The news this past week that Jamie McMurray is job hunting probably does not come as a great surprise to many. Though McMurray has denied such speculation, critics have had him with one foot out the door of his Roush Fenway ride ever since the beginning of 2008. Currently 22nd in the Cup standings with just two top-10 finishes, the 31-year-old Joplin, Mo. native simply has never lived up to the hype that surrounded him in 2005 as a player in perhaps the silliest of Silly Seasons in NASCAR history.
The notorious “Monster Mile” jumped out and attacked the competition Sunday when Elliott Sadler came down on the No. 38 of David Gilliland on lap 18, triggering a massive pileup that ended the days for a number of Chase contenders before they could even get into a rhythm. Aside from Sadler’s blunder, though, it was Kyle Busch who once again stole the headlines by claiming his fourth win of the season. Busch is undoubtedly the hottest driver in the series right now; but how does his start stack up against Jimmie Johnson’s impressive start to 2007? Check out this week’s edition of Who’s Hot/Who’s Not in Sprint Cup to find out.
In the immortal words of one Ferris Bueller, “Life moves pretty fast. If you don’t stop and look around once in awhile, you might miss it.” The star of the 1980s silver screen was right: life does move fast – and so does NASCAR. With the checkered flag flying on the Coca-Cola 600, we’re exactly a third of the way through the 2008 season, just 14 races away from the start of the Chase. So it’s as good a time as any to take a look at the hits and misses of the season so far. Who has driven it like they stole it? Who has run ho-hum, and who has flat out sucked? Find out the answers below, as I hand out awards for the first four months of the season to date.
In the last 10 Richmond races, the winner has started within the top 10; so, pay special attention to qualifying if you have the opportunity to build your team on Saturday. With that in mind, which drivers will help you get over the fantasy hangover from Talladega, and which ones will leave you reaching for more aspirin? Read this week’s Picks ‘N’ Pans to find out how you should put the Band-Aids together to allow the restrictor-plate wounds sufficient time – and points – to heal.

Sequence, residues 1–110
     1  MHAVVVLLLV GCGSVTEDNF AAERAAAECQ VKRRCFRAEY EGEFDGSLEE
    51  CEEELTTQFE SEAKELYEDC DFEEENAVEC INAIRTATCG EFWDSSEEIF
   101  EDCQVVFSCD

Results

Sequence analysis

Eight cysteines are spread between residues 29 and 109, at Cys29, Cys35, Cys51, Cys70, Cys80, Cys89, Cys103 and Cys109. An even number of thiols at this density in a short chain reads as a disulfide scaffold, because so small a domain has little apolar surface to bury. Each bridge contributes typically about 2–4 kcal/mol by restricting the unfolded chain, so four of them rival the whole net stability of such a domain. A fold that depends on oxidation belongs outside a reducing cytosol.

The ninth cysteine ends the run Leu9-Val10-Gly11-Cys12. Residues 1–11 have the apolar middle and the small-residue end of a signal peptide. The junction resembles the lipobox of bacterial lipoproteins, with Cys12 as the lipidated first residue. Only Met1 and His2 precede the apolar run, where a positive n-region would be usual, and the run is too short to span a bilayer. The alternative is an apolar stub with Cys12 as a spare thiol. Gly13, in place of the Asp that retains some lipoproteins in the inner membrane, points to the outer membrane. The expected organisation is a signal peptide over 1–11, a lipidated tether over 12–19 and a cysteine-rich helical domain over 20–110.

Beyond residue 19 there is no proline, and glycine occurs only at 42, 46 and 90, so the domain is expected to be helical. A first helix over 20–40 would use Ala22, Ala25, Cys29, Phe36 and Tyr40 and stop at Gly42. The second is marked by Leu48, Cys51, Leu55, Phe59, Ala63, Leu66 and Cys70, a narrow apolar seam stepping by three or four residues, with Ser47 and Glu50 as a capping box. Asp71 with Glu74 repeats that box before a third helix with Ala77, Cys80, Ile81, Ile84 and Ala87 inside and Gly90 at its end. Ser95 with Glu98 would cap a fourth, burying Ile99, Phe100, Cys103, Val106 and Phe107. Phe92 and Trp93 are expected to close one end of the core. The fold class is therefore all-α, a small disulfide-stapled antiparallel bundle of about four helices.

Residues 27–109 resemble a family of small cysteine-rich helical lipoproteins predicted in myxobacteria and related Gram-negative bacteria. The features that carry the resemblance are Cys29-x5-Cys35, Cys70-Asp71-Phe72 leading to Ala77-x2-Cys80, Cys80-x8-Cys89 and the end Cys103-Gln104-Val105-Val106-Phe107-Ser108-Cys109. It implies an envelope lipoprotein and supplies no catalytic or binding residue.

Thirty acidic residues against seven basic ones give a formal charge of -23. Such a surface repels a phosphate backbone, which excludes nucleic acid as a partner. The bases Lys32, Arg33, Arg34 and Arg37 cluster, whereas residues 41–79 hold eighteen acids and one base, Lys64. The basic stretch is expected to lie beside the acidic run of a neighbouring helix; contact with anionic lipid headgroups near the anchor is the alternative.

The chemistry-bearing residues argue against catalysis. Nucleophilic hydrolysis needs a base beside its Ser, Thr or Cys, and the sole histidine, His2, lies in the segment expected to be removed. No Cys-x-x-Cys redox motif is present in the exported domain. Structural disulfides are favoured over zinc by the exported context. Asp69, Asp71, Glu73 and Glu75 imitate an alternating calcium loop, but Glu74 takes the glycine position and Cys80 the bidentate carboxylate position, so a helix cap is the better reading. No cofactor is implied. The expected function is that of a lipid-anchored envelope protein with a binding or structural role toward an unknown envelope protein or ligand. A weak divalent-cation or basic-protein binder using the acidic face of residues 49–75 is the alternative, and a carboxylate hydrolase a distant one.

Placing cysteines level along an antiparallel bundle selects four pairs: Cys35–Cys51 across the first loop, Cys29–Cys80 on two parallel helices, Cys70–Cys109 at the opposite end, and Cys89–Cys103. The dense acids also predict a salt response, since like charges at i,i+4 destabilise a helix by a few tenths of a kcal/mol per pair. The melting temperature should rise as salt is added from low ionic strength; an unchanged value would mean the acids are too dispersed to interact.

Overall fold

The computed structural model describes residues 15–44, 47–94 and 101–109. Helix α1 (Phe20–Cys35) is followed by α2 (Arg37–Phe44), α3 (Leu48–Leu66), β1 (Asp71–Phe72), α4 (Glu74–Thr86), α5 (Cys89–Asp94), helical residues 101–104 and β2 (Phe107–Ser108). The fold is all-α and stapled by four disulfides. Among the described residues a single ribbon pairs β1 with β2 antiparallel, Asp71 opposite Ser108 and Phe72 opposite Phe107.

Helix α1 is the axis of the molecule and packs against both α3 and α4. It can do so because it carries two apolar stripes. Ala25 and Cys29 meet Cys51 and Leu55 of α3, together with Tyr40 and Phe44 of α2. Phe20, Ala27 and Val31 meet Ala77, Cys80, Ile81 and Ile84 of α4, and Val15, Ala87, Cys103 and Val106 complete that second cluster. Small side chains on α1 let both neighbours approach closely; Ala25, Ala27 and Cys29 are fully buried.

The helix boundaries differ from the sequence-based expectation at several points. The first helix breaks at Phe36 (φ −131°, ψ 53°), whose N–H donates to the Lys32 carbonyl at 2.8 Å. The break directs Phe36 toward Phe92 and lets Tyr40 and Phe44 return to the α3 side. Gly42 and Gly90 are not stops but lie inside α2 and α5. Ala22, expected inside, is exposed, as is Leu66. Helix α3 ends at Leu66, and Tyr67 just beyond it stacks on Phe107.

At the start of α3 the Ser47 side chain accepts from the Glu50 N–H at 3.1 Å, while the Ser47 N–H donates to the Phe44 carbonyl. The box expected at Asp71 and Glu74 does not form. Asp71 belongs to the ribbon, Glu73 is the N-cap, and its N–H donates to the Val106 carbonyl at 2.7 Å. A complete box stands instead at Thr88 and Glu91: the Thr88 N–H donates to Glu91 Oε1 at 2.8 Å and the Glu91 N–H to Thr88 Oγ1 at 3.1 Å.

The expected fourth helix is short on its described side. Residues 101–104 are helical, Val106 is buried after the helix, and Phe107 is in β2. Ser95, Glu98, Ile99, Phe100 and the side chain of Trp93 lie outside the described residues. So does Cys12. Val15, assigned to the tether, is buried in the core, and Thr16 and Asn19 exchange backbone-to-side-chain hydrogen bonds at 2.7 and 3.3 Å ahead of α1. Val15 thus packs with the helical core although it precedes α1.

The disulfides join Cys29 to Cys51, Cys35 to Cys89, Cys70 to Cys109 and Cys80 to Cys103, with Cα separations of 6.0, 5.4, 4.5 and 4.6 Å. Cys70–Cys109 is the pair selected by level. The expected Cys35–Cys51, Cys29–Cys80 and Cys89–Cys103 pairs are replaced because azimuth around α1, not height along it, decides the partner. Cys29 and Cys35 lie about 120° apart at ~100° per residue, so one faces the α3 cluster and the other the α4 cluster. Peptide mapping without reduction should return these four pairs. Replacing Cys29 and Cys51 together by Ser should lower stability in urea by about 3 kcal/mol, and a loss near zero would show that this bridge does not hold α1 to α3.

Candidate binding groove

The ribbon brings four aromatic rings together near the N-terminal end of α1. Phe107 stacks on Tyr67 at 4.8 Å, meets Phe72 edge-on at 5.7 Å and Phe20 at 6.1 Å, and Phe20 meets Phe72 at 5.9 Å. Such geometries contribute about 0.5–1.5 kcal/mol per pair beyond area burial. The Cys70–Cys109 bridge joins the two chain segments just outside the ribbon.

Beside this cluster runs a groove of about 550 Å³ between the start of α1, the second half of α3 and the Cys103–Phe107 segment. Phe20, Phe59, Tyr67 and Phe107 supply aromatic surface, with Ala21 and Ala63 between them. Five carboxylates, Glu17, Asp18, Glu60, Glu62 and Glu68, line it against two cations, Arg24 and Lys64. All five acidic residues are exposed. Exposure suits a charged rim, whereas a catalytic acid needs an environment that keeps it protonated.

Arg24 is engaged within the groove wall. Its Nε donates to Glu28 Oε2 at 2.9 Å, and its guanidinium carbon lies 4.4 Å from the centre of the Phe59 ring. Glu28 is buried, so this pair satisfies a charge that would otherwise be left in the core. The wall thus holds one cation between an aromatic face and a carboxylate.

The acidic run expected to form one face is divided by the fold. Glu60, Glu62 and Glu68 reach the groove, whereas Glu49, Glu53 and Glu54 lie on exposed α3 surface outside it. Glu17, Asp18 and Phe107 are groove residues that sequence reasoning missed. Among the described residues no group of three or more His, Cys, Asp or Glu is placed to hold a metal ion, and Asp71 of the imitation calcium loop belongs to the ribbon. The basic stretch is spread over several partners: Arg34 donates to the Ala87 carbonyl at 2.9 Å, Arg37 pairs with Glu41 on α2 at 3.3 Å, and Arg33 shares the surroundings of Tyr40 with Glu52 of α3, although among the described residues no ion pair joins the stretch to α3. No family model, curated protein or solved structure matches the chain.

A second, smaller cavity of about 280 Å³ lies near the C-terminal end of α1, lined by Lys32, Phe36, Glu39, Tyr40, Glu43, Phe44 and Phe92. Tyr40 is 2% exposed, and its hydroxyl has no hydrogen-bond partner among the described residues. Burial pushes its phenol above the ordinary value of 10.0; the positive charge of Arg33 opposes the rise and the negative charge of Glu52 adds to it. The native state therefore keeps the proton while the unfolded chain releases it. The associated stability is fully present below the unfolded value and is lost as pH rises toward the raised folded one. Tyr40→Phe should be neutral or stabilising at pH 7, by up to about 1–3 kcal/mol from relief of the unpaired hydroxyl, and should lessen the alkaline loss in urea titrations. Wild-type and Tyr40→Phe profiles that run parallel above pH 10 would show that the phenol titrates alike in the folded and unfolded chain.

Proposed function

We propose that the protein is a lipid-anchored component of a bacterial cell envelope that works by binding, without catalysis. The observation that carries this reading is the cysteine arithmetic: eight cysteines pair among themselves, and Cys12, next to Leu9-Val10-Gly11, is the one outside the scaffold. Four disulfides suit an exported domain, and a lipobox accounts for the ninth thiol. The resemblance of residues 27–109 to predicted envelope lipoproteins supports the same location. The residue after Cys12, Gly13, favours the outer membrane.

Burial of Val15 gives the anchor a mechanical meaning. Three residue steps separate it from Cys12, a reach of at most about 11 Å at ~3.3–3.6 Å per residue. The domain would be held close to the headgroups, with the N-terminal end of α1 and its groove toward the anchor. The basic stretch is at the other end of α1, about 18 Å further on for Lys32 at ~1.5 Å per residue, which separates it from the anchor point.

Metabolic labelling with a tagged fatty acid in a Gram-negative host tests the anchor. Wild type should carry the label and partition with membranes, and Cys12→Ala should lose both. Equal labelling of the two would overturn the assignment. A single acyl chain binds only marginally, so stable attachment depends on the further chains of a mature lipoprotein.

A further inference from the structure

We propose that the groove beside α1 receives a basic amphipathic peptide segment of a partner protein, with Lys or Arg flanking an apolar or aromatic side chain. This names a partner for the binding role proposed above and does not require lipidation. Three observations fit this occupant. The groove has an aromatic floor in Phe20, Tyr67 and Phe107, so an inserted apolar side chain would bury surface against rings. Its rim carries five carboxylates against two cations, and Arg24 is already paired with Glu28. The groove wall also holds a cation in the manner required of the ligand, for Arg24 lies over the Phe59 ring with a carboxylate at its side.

Sunday’s race at Talladega resembled the atmosphere of a short-track slugfest, with cars exchanging punches at a cool 190 mph across NASCAR’s fastest facility. While the restrictor plates were still in place, the excitement they produced was unrestricted, as drivers didn’t hesitate to bump and bang their way to the front in the third race with this current package. While a single line freight train was a legitimate fear – the fall race resembled a parade for the first 300 miles until drivers started taking chances – it turned out there was no reason to worry as the car came into its own. 52 lead changes among 20 drivers illustrated that competition, not conservatism, had returned to restrictor-plate racing.
After what many had hoped would be a good old-fashioned Texas shootout turned into a king sized snooze fest, the series heads to Phoenix International Raceway this Saturday night for the first short track battle under the lights of the season. With the exception of Jeff Gordon’s dismal performance, Texas didn’t offer many surprises with no major upsets appearing in the top 10. But the close confines of the 1-mile track in the Valley of the Sun, could have plenty of surprises in store for the drivers in this week’s race. So which drivers will rise from the ashes to bring success to your fantasy team and which ones will wilt in the desert heat? Read this week’s Picks ‘N’ Pans to find out.
The NASCAR Sprint Cup Series made its annual spring journey to the Lone Star State for the running of the Samsung 500 at Texas Motor Speedway this past weekend. They tell me that everything is bigger in Texas; and apparently, this adage can be applied to the problems of some bubble teams. There’s bickering at Petty Enterprises, sponsor issues at Michael Waltrip Racing, and Chip Ganassi seems to be of the belief that there needs to be some personnel changes on his No. 40 team currently driven by former open wheeler Dario Franchitti. All of this only seven races into the year; who says Silly Season in NASCAR ever stops?
Each week, we’ll go through media reports, interviews, PR, and all our own stuff to find the best quotes from the Sprint Cup race, capturing the story of how the weekend unfolded. It’s the most original commentary you’ll ever find: the truth, coming straight out of the mouths of the drivers, crew members, and the car owners themselves. This week, here’s a sneak peek at what a select few were thinking following the Goody’s Cool Orange 500 at Martinsville Speedway.
For those who haven’t heard, this week NASCAR denied Michael Waltrip Racing’s request to swap owner points between the No. 00 and the No. 44. This means that after 41 races, David Reutimann finally got himself solidly up in owner points, only to have his team owner drop him back to 34th. John Darby, Sprint Cup series director stated that, “Point swaps are typically granted only when there’s a change in business function, or when an owner is trying to reorganize during the offseason. This was never meant to be used to give a driver the best position he can get.” With this ruling, let’s take a look at who this week’s Winners and Losers are after the Goody’s Cool Orange 500.
10. A Roush Fenway internal memo titled “How To Get Into And Stay In The Top 35” in Michael Waltrip’s back pocket.